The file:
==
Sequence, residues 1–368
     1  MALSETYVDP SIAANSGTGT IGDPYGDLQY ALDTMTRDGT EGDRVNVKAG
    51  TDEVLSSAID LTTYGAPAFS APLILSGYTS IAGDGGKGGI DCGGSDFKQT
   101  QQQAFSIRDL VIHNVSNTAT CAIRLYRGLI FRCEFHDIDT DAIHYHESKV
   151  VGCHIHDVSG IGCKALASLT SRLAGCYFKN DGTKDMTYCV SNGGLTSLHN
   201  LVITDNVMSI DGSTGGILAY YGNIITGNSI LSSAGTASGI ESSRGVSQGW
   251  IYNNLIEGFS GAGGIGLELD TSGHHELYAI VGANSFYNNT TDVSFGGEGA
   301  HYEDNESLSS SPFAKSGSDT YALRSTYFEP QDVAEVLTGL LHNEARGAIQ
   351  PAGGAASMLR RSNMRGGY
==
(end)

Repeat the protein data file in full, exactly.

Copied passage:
Sequence, residues 1–368
     1  MALSETYVDP SIAANSGTGT IGDPYGDLQY ALDTMTRDGT EGDRVNVKAG
    51  TDEVLSSAID LTTYGAPAFS APLILSGYTS IAGDGGKGGI DCGGSDFKQT
   101  QQQAFSIRDL VIHNVSNTAT CAIRLYRGLI FRCEFHDIDT DAIHYHESKV
   151  VGCHIHDVSG IGCKALASLT SRLAGCYFKN DGTKDMTYCV SNGGLTSLHN
   201  LVITDNVMSI DGSTGGILAY YGNIITGNSI LSSAGTASGI ESSRGVSQGW
   251  IYNNLIEGFS GAGGIGLELD TSGHHELYAI VGANSFYNNT TDVSFGGEGA
   301  HYEDNESLSS SPFAKSGSDT YALRSTYFEP QDVAEVLTGL LHNEARGAIQ
   351  PAGGAASMLR RSNMRGGY